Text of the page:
All About Atlanta: The Washerwomen Strike of 1881

Washerwomen-and-children

Word to the wise: Never underestimate the will of a Black woman to get something done. Image courtesy of Library of Congress.

I was thinking of my Uncle Thaddeus “Thad the Handyman” Lawhorne when I first made an offer on my home. I was heartbroken when he passed away in 2018. He had been an important force in my life. Though he was my uncle through marriage, he was a true #girldad to me. I vividly recall summers in Orlando accompanying him to Home Depot and tagging along on his various home repair jobs. I learned bricklaying and sprinkler system installation with him. He also taught me the importance of slanting the surface when installing tile on a shower floor.

This house I purchased was originally built in 1950. It sits in the midst of Metro Atlanta’s Trump country on an acre-plus of land.  It’s a  pretty little thing, just over 1100 square feet with a beautiful settin’ porch and a good back deck.  The area is a quiet, serene with a steady flow of dogwalkers, bikers and joggers.  Children can leave their toys in the yard without fear of theft or disappearance. When I walked through the house for the first time, admiring all the beautiful trees and imagining the understated thrill of experiencing all four seasons here, I knew it was home. Also, I swear I heard Uncle Thad’s voice in my head. He said, “Get yourself a good inspector, Girl.”

I ignored the list of inspectors my realtor forwarded and researched until I found Mr. Paris Pressley; he’s an older Black gentlemen who’d spent the last several decades inspecting Metro Atlanta homes. Man. He inspected THE HELL out of my house. He found all the corners the home flippers cut and put every last fault in his extensive report—with pictures! Inspector Pressley stood his ground when those jokers tried to refute his findings AND he was kind enough to coach me on insisting on 12-month warranties for all the original and corrective work the various renovation contractors performed before agreeing to purchase.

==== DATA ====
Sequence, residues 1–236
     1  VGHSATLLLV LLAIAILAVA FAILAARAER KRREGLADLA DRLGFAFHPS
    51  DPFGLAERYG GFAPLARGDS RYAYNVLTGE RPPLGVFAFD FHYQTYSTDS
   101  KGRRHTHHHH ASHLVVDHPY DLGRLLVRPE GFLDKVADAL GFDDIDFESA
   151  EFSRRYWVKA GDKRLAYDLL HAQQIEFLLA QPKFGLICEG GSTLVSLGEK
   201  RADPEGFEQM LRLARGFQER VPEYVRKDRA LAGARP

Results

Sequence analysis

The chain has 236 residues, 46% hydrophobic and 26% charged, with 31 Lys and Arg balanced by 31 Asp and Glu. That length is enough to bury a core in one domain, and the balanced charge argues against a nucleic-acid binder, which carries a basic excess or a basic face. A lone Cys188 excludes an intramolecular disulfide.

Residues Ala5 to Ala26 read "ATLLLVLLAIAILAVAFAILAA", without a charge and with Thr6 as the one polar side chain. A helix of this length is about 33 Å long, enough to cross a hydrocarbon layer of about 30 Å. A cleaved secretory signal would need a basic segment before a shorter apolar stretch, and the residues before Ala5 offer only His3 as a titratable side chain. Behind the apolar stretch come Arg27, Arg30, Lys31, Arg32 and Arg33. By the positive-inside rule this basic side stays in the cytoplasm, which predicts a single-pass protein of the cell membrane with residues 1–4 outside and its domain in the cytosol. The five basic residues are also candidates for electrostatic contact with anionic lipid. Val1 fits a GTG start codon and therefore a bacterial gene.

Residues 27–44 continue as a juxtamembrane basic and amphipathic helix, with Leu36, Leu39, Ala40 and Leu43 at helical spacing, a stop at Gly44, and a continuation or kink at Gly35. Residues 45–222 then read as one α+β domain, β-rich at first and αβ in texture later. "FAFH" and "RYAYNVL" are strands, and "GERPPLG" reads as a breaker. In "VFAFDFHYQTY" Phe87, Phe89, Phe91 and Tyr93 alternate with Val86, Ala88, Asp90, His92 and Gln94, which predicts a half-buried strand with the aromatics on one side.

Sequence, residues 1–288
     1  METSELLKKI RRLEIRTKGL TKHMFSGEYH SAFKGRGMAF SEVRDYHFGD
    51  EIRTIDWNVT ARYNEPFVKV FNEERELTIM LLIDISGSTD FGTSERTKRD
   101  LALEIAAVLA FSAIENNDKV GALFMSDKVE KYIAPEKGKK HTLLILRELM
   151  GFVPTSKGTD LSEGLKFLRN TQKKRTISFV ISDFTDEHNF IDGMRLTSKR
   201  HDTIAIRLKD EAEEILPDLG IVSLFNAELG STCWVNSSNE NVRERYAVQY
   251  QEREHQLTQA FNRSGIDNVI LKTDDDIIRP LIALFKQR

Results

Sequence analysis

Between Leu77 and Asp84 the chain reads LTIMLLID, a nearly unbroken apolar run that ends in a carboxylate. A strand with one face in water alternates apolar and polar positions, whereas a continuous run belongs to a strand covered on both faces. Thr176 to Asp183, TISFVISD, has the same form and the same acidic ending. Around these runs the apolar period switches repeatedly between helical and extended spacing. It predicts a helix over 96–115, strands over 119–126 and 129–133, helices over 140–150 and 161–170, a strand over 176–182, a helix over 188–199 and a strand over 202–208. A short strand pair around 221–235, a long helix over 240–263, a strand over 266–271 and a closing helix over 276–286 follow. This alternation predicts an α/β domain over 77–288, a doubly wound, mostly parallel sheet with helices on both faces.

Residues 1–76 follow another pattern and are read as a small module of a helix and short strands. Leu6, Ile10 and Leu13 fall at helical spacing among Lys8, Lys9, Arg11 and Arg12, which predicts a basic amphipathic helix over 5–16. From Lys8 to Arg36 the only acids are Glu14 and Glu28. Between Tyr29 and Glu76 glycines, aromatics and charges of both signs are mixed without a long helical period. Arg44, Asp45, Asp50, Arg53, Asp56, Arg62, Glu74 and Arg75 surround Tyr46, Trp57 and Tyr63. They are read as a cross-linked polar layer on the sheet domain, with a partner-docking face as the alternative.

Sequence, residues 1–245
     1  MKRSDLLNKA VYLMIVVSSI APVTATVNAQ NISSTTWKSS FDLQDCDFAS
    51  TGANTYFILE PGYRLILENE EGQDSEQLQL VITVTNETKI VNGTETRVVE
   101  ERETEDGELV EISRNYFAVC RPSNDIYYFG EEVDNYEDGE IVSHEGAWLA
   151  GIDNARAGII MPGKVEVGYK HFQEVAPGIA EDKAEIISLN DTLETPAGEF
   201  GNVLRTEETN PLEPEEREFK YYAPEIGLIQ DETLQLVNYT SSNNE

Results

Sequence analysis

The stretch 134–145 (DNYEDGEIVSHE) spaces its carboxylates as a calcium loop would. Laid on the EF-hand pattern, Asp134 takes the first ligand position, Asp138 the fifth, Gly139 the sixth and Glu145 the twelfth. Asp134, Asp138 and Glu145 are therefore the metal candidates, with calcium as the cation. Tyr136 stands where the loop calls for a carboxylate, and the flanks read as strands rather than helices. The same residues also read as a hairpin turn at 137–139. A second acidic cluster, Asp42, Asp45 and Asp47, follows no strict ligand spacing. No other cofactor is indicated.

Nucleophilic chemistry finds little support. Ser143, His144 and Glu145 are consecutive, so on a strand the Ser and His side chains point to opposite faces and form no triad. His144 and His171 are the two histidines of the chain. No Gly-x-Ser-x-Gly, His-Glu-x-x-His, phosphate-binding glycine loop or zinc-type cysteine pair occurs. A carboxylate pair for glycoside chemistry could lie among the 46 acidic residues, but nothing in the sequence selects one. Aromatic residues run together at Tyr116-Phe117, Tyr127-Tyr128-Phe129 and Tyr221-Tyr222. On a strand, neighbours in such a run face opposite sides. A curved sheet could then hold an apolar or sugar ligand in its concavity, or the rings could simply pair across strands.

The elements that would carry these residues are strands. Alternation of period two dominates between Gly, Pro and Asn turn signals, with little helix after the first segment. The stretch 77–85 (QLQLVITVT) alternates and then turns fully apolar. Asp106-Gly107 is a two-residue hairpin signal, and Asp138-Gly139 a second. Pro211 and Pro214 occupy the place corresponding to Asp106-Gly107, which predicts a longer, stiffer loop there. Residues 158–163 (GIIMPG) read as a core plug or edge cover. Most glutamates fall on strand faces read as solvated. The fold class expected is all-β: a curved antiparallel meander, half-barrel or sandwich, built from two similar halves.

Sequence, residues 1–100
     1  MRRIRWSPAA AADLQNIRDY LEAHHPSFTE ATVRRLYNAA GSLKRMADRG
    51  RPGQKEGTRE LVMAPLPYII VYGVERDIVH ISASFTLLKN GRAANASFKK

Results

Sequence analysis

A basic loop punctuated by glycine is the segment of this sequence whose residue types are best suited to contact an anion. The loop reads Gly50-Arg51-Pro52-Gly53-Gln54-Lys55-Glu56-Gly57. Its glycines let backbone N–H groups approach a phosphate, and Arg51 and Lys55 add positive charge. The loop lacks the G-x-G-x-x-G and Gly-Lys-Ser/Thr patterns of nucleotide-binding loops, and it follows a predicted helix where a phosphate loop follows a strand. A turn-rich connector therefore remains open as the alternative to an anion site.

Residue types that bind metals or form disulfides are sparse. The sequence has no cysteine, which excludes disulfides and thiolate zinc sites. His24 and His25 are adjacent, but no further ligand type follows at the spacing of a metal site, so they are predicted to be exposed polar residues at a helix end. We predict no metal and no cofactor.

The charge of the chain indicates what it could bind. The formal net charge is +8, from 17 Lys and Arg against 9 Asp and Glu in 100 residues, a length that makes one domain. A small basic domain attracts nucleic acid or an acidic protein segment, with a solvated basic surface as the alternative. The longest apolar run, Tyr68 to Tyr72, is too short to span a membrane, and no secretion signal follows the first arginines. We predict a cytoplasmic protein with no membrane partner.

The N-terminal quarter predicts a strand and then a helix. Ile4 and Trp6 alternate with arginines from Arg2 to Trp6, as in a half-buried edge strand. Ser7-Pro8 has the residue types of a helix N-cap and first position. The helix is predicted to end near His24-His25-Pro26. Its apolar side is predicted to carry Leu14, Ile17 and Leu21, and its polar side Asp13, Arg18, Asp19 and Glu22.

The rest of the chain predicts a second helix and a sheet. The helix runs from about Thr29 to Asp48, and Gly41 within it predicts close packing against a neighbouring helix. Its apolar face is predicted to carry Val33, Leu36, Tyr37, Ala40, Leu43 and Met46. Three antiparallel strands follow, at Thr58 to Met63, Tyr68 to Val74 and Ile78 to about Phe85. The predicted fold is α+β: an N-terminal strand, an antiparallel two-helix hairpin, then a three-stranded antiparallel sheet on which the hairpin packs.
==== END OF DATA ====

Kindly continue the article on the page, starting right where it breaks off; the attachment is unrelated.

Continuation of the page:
That 12-month warranty stipulation came in handy.

In mid November, I noticed a spike in my water bill and water pooling in the front yard along the trench where the new septic tank had been installed. As I investigated the matter, both Cobb County Water and a professional plumber theorized that the septic tank installers had struck my water line during their install, did a piss-poor patch job and then neglected to tell the home sellers about what they’d done. Seems it’s a common occurrence with these people. Since nobody was living in the home when I bought it, nobody was there to test the repair until I moved in.

When I called Banks Septic of Palmetto, Georgia, both the receptionist and the owner told me off. They were rude and condescending and claimed no responsibility whatsoever before hanging up in my face. So I called my realtor, reminded her of my home purchase stipulations and let her know that the seller and these bastard Banks Septic people needed to come correct. Banks Septic begrudgingly sent a representative out to my property and as I stood on my porch and talked with him, I made sure to audio record our conversation. Dude admitted that his workers most likely struck the line and patched it up incorrectly. He also assured me that he would return to correct the situation after discussing matters with his business partner.